Therein, McMurphy was to put up living with the idiosyncrasies of other mentally-deranged patients (with whom he would find company later on) as well as the imposing authority of the facility’s workers, notably, Nurse Ratched’s. A large portion of the film brings into play a kind of juxtaposition between McMurphy’s incurable spontaneity and the rest of the patient’s highly predictive adherence to long-observed routines. This juxtaposition could not have been more accentuated in their frequent sessions involving group therapy.

The Reasoned Use or Unfortunate Misuse of Group Therapy to Address Illness In many incidences, the film depicted a gathering of patients, resembling in essence what modern-day group therapy sessions look like, to address patient’s concerns, issues, needs and, most of all, behavioral idiosyncrasies. In the subsequent discussions, this paper would attempt to argue that such therapeutic approach has both pros and cons not only for the individual patient’s health, but also for the group’s dynamics as a whole.

On the one hand, when seen under the lenses of Psychology, it would appear that the employment of group therapy sessions was meant to help patients articulate their concerns and needs; an act which, in itself, is quite liberating to say the least. This of course assumes that, despite palpable lack of normal psychological capacity, the patients still possess a respectable level of autonomy (i. e. , the capacity to decide for oneself) and self-determination (i. e. , the capacity to choose one’s actions consciously) to begin the sessions with.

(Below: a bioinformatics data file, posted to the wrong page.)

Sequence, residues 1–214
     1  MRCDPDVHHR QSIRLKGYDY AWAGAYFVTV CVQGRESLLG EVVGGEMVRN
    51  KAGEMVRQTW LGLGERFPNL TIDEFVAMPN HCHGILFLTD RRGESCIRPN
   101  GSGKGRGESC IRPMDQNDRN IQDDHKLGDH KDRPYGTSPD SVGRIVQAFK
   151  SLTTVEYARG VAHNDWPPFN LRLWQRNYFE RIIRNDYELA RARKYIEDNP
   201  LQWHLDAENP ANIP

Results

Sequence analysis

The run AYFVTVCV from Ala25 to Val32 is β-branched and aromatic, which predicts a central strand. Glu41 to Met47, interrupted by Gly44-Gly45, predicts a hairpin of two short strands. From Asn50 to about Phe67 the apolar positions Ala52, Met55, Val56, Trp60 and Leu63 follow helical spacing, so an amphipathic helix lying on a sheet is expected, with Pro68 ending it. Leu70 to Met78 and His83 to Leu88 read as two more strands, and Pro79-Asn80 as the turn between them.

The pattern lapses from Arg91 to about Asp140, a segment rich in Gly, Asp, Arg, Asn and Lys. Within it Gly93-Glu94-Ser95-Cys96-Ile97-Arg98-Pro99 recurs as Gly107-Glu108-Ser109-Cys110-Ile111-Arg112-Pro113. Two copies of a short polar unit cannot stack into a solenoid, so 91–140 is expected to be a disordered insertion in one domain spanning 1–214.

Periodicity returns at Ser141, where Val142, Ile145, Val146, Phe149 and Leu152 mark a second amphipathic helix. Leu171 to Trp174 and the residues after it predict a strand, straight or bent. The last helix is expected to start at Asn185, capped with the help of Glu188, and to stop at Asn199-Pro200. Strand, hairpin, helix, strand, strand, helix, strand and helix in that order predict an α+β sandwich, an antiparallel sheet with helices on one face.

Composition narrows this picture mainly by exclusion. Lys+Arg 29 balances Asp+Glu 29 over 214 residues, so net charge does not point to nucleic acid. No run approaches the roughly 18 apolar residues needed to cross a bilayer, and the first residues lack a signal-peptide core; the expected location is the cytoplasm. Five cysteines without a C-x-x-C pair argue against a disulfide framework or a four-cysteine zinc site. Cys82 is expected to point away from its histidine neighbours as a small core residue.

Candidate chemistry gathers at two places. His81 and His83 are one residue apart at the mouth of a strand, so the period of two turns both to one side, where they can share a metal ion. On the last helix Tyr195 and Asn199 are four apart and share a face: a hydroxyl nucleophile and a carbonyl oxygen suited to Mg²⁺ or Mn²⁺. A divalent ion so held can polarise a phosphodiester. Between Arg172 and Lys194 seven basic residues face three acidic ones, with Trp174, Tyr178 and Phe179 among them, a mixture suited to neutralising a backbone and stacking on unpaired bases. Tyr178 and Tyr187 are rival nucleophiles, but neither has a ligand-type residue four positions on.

Under normal circumstances, group therapy is done to address fundamental issues of patients suffering from addition and mania. In essence, any group-involved approach akin to addressing addiction issues is called the “disease concept of group psychotherapy” (Flores 13). In a similar fashion, it seems that the nature of group therapy sessions employed in the movie One Flew over the Cuckoo’s Nest resembles the “disease” psychotherapy approach; for the plain reason that mental illness can be regarded as pathological in nature – i. e. , it can be termed as a disease gripping the mind of a person (The World Book Encyclopedia 351).

And like other forms of group psychotherapies, that which was used in the film was primarily aimed at “arresting” the patients’ progressive denigration towards complete mental meltdown. In order to do this, the patients were made to articulate their feelings, confront misgivings of peers, develop group cohesiveness by resolving conflicts and emphasize the limits of norms to help maintain smooth inter-personal interaction (Flores 12-13). On the other hand, there are identifiable risks which are involved in the employment of “disease”- oriented group psychotherapy to patients who are not really as mentally challenged as they first meet the eye.